Body Over Mind: Assistant Professor of Marketing Jesper Nielsen Looks at Unconscious Processing
Research by marketing assistant professor Jesper
Nielsen shows that physically approaching a product
may cause consumers to view it in a more favorable
Photo by Ralph Bijker.
Can we trick ourselves into eating healthier foods or stepping on that treadmill?
Physically approaching a product may cause consumers to view it in a more favorable light, according to a new paper by Eller College assistant professor of marketing Jesper Nielsen and Aparna Labroo of the University of Chicago.
“More and more work is being done that illustrates how strongly the body affects the mind,” Nielsen says. “It is generally accepted that people tend to avoid things they dislike and approach things they like. For example, children push away their veggies but can’t get close enough to the candy store window. We wondered if the opposite might also be true: might people infer that they don’t like a product when they find themselves avoiding it, and might they infer a preference for products they approach?”
The answer is a resounding yes, according to a series of three experiments the pair designed to separate the effect of a person’s true attitudes from those inferred from sensations of approaching or avoiding the product.
In the first experiment, participants who imagined pulling an otherwise unappealing can of grasshoppers in curry sauce towards themselves were willing to pay twice as much for the product as those who were asked to evaluate it from a distance.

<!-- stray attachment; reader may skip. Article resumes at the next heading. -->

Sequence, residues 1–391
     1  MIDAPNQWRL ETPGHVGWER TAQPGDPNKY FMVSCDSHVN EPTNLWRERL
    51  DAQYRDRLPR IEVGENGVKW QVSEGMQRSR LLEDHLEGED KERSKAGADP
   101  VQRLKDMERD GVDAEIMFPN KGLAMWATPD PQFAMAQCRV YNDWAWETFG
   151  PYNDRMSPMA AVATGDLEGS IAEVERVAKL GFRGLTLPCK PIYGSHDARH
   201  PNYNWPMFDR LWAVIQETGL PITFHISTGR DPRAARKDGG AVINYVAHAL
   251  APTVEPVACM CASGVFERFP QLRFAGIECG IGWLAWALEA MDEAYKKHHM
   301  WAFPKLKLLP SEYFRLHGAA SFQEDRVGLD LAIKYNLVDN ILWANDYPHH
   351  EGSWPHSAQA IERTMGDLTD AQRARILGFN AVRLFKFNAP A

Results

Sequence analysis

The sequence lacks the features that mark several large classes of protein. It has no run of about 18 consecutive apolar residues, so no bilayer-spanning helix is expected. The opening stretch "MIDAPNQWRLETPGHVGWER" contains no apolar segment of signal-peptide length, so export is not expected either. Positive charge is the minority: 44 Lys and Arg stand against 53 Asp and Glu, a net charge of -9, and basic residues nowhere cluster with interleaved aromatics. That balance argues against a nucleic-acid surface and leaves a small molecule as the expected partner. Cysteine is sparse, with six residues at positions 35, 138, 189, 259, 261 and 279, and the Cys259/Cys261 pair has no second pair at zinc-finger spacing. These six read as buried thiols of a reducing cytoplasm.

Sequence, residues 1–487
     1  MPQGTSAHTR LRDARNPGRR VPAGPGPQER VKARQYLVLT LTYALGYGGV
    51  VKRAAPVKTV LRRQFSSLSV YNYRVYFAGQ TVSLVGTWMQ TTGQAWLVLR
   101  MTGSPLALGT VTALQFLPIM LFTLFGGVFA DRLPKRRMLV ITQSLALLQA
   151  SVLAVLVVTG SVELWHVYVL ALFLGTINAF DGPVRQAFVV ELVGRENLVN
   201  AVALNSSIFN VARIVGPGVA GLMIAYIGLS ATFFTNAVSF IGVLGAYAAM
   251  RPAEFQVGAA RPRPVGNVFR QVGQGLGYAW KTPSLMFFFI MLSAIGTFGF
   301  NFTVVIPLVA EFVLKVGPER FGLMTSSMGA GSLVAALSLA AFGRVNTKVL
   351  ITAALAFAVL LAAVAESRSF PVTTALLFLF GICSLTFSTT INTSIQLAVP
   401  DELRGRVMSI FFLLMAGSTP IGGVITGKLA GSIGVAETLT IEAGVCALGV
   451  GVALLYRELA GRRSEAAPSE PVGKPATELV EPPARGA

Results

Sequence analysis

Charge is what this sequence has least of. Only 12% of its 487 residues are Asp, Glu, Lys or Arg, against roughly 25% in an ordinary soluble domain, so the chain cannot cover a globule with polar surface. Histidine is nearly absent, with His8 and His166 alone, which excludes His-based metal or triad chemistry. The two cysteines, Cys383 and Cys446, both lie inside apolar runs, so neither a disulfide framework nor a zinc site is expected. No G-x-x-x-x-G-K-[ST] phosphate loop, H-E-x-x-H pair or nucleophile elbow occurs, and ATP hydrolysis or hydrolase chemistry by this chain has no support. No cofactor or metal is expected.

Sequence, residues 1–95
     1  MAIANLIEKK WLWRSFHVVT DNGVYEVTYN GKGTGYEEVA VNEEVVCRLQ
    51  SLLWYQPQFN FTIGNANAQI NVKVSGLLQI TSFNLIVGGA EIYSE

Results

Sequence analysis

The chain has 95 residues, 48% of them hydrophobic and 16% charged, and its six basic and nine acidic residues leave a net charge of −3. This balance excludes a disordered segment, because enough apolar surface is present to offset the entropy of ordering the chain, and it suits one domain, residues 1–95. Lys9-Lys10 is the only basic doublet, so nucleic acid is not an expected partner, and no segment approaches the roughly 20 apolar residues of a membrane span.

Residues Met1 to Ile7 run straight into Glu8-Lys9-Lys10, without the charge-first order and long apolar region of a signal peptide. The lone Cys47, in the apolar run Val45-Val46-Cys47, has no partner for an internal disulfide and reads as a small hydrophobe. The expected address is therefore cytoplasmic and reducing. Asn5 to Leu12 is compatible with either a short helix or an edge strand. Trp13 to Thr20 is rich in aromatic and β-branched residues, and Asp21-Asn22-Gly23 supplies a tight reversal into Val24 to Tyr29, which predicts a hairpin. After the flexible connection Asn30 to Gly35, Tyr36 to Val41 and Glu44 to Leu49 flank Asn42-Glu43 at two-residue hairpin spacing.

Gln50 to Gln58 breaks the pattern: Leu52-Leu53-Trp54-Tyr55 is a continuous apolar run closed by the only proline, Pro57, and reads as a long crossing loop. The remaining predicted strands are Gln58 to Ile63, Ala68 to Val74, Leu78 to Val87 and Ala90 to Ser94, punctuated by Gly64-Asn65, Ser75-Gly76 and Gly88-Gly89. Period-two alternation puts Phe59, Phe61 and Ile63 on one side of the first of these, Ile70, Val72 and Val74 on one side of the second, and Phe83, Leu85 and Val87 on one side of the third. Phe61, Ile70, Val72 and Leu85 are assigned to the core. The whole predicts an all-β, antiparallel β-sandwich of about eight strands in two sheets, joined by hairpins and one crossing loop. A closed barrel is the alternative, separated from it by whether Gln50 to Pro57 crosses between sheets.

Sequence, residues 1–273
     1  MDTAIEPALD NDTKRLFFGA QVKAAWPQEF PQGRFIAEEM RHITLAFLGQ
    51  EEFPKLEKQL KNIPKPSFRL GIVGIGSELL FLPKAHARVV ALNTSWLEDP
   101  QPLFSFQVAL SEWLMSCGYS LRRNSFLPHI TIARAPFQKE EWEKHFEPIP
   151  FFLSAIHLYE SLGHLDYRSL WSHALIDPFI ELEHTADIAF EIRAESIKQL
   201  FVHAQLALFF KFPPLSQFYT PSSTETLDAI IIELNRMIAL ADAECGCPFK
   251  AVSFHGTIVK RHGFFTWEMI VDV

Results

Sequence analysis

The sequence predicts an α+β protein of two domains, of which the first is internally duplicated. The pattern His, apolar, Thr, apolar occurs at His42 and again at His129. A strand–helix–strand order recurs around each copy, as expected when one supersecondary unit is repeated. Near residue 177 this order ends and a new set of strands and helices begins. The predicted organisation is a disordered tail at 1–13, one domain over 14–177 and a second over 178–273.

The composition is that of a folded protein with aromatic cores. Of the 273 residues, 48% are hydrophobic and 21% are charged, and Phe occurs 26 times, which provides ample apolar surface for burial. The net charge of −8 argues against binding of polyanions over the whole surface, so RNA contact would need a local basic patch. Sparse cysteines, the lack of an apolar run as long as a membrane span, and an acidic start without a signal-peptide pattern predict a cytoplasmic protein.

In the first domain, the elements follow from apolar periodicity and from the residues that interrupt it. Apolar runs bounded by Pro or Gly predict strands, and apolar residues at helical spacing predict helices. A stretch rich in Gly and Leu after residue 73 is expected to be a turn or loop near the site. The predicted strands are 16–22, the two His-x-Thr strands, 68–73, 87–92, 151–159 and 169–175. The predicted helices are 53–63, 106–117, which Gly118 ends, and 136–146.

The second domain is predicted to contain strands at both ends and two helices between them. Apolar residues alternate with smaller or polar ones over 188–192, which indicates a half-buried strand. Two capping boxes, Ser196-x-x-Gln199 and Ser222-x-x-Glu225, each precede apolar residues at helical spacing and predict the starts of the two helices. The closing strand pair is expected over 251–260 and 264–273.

The results have intriguing implications. “It demonstrates that when we as consumers assume that we like a product or service, we may be responding in part to actions we have taken towards that product,” Nielsen explains. “When we accept free samples in the grocery store or agree to receive emails from a clothing retailer, it is likely that these actions subconsciously change our evaluations of the sampled products or clothing brands.”
Concurrently, consumers avoid activities and behaviors that are perceived to be difficult and aversive, such as diet and exercise, even though the behaviors are beneficial in the long term. “Our research suggests that part of these aversions stem from people’s own bodily sensations,” Nielsen says. “One way for people to overcome these aversions is to trick the mind by simulating approach, for example, encouraging the child to reach for the veggies.”
Not that the aversion will go away all together, he hastens to point out. “The child might just dislike the carrots less,” he says with a laugh.
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